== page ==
|Media:||Muranti and poles|
Andries Botha on “African Seed”
This work, “African Seed”, formed part of a seminal exhibition for me entitled “Human Structures” which was held in the late 80’s. This work deviates slightly from the other works in as much as it was not completely made out of organic indigenous materials. The other works mostly utilized traditional craft and weaving techniques.
It is difficult in retrospect to think about a show and construct the narrative for it, some 30 years later . I do, however, remember the following: in constructing the exhibition I used the dimensions of my own body as a unit of measure. I was making works in the Drakensberg mountains where I was living with a traditional African family. Upon my return to the city I wanted to continue the ideas that I was working on but needed to deal with them in a different way.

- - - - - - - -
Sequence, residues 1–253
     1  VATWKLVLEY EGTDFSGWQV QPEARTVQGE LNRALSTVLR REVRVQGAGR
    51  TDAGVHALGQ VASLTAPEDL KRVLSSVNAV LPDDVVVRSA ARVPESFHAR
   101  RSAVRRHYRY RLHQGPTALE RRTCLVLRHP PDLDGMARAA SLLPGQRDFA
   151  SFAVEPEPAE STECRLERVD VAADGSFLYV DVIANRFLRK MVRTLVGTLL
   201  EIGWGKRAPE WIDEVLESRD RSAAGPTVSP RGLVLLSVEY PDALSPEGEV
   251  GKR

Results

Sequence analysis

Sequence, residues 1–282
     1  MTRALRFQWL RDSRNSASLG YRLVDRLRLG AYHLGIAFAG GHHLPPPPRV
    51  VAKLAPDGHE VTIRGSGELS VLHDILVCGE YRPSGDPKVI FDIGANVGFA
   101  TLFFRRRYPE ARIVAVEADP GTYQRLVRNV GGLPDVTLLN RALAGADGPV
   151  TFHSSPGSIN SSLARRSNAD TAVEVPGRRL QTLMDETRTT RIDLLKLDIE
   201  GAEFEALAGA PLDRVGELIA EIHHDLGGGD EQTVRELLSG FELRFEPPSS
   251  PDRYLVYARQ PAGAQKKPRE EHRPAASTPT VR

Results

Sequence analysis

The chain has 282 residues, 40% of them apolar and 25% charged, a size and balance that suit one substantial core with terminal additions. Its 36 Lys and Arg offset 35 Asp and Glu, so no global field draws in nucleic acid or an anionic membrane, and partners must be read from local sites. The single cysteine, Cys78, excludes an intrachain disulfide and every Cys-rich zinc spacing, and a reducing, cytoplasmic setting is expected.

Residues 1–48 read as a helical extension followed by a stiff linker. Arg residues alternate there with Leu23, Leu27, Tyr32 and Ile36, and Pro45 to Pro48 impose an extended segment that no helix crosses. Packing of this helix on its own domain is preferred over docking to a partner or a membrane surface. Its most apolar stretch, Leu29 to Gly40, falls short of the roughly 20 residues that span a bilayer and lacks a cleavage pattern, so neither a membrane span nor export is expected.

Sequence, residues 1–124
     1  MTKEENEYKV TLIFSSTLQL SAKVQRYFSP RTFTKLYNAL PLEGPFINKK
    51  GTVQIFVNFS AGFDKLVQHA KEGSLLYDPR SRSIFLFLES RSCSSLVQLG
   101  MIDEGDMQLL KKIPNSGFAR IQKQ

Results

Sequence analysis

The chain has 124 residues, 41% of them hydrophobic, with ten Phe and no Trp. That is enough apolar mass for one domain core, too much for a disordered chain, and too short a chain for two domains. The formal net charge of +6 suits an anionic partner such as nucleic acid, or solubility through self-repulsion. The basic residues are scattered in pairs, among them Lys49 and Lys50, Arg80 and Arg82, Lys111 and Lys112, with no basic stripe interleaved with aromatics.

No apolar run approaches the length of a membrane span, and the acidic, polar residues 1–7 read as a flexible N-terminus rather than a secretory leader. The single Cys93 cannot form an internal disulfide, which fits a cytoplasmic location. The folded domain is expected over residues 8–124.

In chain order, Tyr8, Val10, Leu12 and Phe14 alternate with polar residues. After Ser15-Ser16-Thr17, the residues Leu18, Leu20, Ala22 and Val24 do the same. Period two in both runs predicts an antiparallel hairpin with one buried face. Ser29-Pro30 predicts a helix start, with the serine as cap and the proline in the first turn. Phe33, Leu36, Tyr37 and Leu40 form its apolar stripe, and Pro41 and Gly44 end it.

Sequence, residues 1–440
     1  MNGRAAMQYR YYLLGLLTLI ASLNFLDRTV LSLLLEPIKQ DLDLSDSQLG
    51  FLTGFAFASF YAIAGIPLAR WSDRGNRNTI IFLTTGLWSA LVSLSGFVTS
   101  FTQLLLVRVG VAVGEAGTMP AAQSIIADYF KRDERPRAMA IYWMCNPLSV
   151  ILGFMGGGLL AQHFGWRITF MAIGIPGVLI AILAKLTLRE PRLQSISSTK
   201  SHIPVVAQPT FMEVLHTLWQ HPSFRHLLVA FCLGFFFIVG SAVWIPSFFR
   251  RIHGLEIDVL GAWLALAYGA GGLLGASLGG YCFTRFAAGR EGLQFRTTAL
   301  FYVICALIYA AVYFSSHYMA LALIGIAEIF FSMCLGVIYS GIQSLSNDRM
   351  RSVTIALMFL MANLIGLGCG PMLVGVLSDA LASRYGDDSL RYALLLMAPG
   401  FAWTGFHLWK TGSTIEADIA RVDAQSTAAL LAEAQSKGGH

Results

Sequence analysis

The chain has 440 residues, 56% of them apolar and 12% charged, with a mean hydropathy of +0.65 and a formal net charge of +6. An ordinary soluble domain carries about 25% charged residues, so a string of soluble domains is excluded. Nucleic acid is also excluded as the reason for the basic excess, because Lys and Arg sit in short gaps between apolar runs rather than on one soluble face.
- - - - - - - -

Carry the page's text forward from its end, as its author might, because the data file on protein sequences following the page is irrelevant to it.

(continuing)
As a young boy I was always interested in model aeroplanes and took great delight in buying the kits and meticulously reconstructing them. The beauty and the poetry of the wing structure of the early biplanes as well as the German Second World War Zeppelins always fascinated me. The skin always revealed an inner structure.
Most of the works in this exhibition reduced the human form to a simple dimension. I was interested in how a body is carried when it is in the grip of a great idea. In many respects I was at the beginnings of a narrative or conversation about what I believe South African could be if it heeded the lessons of, what was then, a discredited African tradition.
The direct and deliberate response to structure, the manner in which it was made was an abiding lesson for me as a student so deeply invested in an university education which was exclusively Western. Even then I was aware that we needed to break this imperative if we were to establish a vernacular that was unique to South Africa.
Andries Botha February 2012